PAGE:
There are two versions of Megyn Kelly. The first, portrayed in the upcoming American drama Bombshell, displays Kelly (Charlize Theron) as the Fox News savior bullied by then-President-Elect Donald Trump who helps take down Fox News Chairman & CEO Roger Ailes for sexual harassment. The second, which doesn't make it on screen, is the woman who would end up leaving Fox News for rival network NBC and later fired for her on-air comments defending blackface that continue to face harsh criticism today.
These conflicting perceptions of Kelly make it difficult to know what to believe about her ideologies. However, when it comes to feminism, those most familiar with Kelly Version Two will rest assured that Bombshell is, in fact, remarkably accurate when Theron's character declares, "I'm not a feminist. I'm a lawyer." You heard it loud and clear: Megyn Kelly does not consider herself a feminist.
In November, Kelly further proved this statement by quote-tweeting an article about Dolly Parton refusing to label herself as a feminist: "What some don’t understand is saying u are a feminist may imply an endorsement of certain social values not every woman shares. A woman like Dolly - & me FWIW - can be for female empowerment, see men as our partners & avoid the F word. Enough w/the labels."
What some don’t understand is saying u are a feminist may imply an endorsement of certain social values not every woman shares. A woman like Dolly - & me FWIW - can be for female empowerment, see men as our partners & avoid the F word. Enough w/the labels. https://t.co/m0JihToNDyNovember 25, 2019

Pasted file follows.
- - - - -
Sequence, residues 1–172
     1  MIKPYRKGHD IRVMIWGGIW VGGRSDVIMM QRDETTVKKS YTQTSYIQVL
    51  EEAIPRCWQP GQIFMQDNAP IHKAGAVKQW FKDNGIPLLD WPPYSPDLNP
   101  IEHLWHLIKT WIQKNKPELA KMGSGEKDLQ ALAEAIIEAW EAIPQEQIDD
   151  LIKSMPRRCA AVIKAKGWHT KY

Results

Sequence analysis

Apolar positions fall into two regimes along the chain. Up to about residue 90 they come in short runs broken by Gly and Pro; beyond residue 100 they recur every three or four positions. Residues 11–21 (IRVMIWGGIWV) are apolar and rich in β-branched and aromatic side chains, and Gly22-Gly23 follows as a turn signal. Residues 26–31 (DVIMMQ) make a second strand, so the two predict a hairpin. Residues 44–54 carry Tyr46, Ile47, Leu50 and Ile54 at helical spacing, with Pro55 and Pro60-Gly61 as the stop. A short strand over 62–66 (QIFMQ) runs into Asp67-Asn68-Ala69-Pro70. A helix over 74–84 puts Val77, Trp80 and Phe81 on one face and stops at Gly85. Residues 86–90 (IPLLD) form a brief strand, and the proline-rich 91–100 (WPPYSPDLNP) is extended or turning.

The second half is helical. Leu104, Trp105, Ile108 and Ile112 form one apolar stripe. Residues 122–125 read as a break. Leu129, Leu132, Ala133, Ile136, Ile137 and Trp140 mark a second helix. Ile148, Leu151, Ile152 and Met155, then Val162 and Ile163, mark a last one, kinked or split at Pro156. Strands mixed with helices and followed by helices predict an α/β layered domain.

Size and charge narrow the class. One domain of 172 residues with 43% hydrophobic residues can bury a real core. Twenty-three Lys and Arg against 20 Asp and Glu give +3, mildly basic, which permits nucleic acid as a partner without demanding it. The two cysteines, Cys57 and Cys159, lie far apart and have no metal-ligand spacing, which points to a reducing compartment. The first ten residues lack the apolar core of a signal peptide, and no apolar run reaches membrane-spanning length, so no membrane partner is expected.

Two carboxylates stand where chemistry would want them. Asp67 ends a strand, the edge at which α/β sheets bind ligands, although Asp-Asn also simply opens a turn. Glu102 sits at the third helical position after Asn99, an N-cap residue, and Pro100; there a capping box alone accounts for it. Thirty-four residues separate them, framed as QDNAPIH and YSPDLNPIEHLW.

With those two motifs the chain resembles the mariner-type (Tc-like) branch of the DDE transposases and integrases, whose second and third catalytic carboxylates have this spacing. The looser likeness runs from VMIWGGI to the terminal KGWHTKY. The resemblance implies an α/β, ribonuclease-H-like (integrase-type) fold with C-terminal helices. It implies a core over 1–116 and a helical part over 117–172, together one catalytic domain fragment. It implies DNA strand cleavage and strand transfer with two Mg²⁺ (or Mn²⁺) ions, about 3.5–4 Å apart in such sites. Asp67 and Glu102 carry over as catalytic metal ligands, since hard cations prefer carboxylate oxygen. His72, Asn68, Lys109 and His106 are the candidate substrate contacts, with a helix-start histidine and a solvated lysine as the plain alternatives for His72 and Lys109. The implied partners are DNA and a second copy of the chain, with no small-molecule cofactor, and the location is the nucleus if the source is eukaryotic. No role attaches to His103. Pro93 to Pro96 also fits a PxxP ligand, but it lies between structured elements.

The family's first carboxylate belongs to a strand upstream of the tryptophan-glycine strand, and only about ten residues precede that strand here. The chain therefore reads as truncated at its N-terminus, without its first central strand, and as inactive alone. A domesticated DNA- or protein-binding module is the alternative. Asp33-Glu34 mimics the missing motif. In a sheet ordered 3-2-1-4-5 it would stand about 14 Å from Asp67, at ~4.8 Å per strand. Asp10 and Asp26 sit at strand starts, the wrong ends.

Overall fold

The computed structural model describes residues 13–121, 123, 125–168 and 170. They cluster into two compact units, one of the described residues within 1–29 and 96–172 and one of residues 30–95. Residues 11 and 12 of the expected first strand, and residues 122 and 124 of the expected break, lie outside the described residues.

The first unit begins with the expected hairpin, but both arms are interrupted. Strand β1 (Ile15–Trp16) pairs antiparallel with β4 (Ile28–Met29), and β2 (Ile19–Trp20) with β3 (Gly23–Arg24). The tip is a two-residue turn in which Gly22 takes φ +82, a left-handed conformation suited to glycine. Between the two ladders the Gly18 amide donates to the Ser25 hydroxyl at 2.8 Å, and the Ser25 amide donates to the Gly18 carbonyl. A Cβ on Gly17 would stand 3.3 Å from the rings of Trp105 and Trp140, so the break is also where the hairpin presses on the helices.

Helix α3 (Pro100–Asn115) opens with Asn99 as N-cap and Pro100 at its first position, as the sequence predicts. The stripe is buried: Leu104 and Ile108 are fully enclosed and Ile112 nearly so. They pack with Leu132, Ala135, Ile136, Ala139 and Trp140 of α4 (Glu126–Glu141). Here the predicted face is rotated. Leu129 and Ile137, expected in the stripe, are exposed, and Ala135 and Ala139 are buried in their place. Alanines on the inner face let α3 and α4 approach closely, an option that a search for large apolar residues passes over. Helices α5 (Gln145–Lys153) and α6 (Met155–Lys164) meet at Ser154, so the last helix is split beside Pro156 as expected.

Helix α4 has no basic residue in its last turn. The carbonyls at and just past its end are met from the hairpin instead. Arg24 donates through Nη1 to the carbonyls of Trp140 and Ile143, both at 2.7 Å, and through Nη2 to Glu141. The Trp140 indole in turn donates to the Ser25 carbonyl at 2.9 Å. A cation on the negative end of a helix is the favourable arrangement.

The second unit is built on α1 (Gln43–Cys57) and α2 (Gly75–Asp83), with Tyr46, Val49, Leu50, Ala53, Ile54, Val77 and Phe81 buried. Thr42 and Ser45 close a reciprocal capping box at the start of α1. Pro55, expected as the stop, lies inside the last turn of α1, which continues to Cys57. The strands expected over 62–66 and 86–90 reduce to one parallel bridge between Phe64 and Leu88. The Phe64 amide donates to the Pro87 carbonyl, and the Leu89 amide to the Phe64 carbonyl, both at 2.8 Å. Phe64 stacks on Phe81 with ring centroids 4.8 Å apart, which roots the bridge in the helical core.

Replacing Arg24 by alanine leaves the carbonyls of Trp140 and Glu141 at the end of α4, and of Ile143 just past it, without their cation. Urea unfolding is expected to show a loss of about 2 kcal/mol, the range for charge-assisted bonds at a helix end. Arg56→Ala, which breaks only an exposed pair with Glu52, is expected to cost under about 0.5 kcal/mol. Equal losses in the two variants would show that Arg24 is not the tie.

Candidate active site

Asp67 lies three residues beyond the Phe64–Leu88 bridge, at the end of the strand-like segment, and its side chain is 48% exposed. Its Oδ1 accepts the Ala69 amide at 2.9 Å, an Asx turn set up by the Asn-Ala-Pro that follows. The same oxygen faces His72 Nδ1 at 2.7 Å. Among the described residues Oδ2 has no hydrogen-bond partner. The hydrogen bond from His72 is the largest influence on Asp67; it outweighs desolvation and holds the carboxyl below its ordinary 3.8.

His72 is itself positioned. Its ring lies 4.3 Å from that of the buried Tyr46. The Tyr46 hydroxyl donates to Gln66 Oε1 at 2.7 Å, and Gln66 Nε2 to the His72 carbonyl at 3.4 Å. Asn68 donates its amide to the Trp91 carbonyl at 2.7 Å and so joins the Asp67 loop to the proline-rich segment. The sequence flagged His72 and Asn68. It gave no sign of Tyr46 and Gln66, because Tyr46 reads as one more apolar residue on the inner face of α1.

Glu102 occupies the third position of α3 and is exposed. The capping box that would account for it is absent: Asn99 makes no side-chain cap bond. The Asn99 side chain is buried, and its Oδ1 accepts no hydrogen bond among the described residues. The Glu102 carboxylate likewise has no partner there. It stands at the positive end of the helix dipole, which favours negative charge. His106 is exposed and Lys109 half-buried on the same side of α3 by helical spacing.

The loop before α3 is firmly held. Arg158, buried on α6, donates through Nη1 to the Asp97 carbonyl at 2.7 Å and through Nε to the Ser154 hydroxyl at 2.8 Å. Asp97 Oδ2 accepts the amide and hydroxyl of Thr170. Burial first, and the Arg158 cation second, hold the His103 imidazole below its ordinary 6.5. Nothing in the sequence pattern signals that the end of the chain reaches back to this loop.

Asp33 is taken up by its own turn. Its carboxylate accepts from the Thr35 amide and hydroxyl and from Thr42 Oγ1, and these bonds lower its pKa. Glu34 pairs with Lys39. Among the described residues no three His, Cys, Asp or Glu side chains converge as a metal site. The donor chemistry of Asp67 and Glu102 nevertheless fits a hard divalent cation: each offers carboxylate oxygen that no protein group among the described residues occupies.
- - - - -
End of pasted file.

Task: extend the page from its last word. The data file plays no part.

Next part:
This is not a new revelation from Kelly, who has been described as a fair-weather feminist. In her 2016 memoir Settle for More, Kelly emphasizes, "My problem with the word feminist is that it’s exclusionary and alienating...Why do we have to make the most divisive issues a key part of the feminist platform?"
The Cut's 2016 follow-up article, "What Should Feminists Make of Megyn Kelly?" does a great job at outlining the blurred lines that comes with her anti-feminism talking points vs. her feminist actions, like encouraging women's empowerment and equal pay. It makes it even more confusing when you have an entire movie portraying her as a hero sacrificing her reputation for her female colleagues.
Feminist label or not, let us not forget the actual definition of feminism: the equality of sexes. Megyn, you with us?
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Rachel Epstein is an editor at Marie Claire, where she writes and edits culture, politics, and lifestyle stories ranging from op-eds to profiles to ambitious packages. She also manages the site’s virtual book club, #ReadWithMC. Offline, she’s likely watching a Heat game, finding a new coffee shop, or analyzing your cousin's birth chart—in no particular order.
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